Tuesday, October 14, 2014

A Comeback Album: New Morning

Critics heralded New Morning as a return to form after the poorly recieved Self Portrait and yet it never gained a large following.  I'd call it a cult classic.

1) If Not For You - Written with George Harrison, Bob's soulful delivery makes a nice contrast to George's spaced out version on All Things Must Pass.

2) Day of the Locusts - A song about a specific event in Dylan's life, accepting an honorary degree from Princeton.  Not bad for a college dropout.

3) Time Passes Slowly - Personally one of my favorite Dylan songs with a splendid verse like:

Once I had a sweetheart, she was fine and good lookin'
Sat in the kitchen while her mama was cookin'
Stared out the window to the sky up above
Time passes slowly when you're searchin' for love

The bittersweet verse plays wonderfully with time. With reliable Al Kooper on piano, the recording has staying power.*

4) Went to See the Gypsy - It's nice to imagine Dylan and Elvis Presley meeting in Las Vegas.  Who knows if it ever happened?  When Elvis met the Beatles in 1964, he was by most accounts moody and defensive. Elvis dis perform Dylan's ballad 'Tomorrow is a Long Time" and possibly a few other tunes.  What would they talk about?**

5) Winterlude - A country tune and brief return to the croon from Nashville Skyline.

6) If Dogs Run Free - A Beatnik Poem. 

7) New Morning - Lennon-McCartney styled pop song.  Would Dylan have made a worthy fifth Beatle?

8) Sign on the Window - The most complex composition on the album, almost like a mini suite.

9) One More Weekend - Another soulful love song.

10) The Man in Me - Can anyone not think of The Big Lebowski when hearing this tune?  Makes you wanna hit the bowling alley to see how those semi-finals came out.

11 and 12 Three Angels and Father of Night - Two spiritual songs end the album with a benediction of sorts.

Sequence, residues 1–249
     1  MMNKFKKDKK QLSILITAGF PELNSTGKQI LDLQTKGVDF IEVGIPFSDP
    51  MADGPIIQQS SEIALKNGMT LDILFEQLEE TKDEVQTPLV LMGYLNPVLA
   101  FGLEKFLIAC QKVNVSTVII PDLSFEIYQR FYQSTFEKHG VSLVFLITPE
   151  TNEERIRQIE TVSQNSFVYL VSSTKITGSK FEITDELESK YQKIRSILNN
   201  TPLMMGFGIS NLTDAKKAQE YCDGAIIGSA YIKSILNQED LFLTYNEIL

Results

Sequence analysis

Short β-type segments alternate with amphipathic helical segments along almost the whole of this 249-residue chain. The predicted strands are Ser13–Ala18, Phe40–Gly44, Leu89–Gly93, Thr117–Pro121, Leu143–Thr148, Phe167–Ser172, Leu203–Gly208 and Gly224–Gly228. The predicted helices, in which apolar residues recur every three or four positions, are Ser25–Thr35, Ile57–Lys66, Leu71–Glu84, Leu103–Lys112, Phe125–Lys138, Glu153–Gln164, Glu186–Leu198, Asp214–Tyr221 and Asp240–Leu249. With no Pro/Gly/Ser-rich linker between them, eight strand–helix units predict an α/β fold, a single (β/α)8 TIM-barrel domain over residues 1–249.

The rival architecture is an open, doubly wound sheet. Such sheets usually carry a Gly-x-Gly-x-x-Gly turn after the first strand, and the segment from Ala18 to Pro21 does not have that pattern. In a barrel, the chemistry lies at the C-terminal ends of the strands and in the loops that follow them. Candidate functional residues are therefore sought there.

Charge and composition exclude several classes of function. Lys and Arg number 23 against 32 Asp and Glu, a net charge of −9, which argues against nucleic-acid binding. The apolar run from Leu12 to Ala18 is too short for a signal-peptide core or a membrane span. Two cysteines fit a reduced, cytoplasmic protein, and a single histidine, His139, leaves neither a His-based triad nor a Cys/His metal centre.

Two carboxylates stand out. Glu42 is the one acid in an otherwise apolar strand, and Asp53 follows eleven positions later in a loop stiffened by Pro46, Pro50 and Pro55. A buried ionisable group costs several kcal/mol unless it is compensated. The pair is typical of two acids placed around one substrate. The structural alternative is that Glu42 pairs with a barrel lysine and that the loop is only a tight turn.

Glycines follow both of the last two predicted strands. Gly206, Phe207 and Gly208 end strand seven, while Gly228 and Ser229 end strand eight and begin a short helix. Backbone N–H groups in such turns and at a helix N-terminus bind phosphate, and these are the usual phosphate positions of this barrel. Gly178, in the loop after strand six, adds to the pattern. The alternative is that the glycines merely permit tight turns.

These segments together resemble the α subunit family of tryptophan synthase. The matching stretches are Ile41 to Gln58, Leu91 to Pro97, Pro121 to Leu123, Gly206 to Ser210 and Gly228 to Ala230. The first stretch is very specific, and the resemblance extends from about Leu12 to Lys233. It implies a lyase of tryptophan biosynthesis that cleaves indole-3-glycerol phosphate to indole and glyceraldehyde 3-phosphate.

*Dylan dedicated a chapter in his memoir to the making of New Morning.  He worked with the renowned poet Archibald MaCleish who asked him to contribute songs for his play Scratch, a modern retelling of the folk tale The Devil and Daniel Webster.  The play itself is dark and takes on the hypocrisy of 19th Century America that literally tore country apart and threatened to again in the 1960s.  All I can say of the play is everyone's loquacious and mean spirited.  

**Elvis: Hey there Bobby Dylan, nice to meet you man.
  Dylan: Never thought I would meet the King.  I saw Buddy Holly, but never the man himself.
  Elvis: Ah shucks, you're the king man.  To the kids, I'm old news.
  Dylan: You changed my life. When I first heard "That's All Right" I told myself, nobody, I mean nobody, is EVER going to tell me what to do."
 Elvis: (Laughing) I believe it
  (They size each other up)
Elvis: You know Bobby, I was thinking we should do a movie together. I'll play the sheriff of this small town and I'll recruit you as my deputy.  We'll team up and fight off evil cattle barons.  Like a buddy picture you know, we'll top Redford and Newman.  Hell, you can write the script and maybe a few songs if you want.  I'll sing them."
Dylan: Sign me up, I'll do that anytime.
Elvis: Well nice to meet you Bobby.  I'll be in touch ( closes the door).


  1. If dogs run free....a beatnik poem.
    That's a good description, I like it.

  2. Oh,
    I bought New Morning when it was released and loved it straight off.
    Always will.
    I've grown up with it. It's like the incidental music of my life.
    Terrific record.

  3. it's no come back. dylan hadn't gone anywhere. he had just been exploring other styles. what's the big issue with self portrait. I loved it then, and still do. NM is just an extension of that. they go hand in hand. just ask Dave Bromberg whom I talked with about recording of both.

    1. Fair enough. I generally agree, there are parts of SP I really like and others not so much. As for the comeback album issue, I was going for a little irony with the title. In Chronicles Vol 1, Dylan (and I'm paraphrasing) wrote NM was the first of many "comeback albums" with a bit of sarcasm towards his critics. I find the whole concept of what constitutes a "comeback" album an interesting question to explore in the narratives of iconic figures in rock.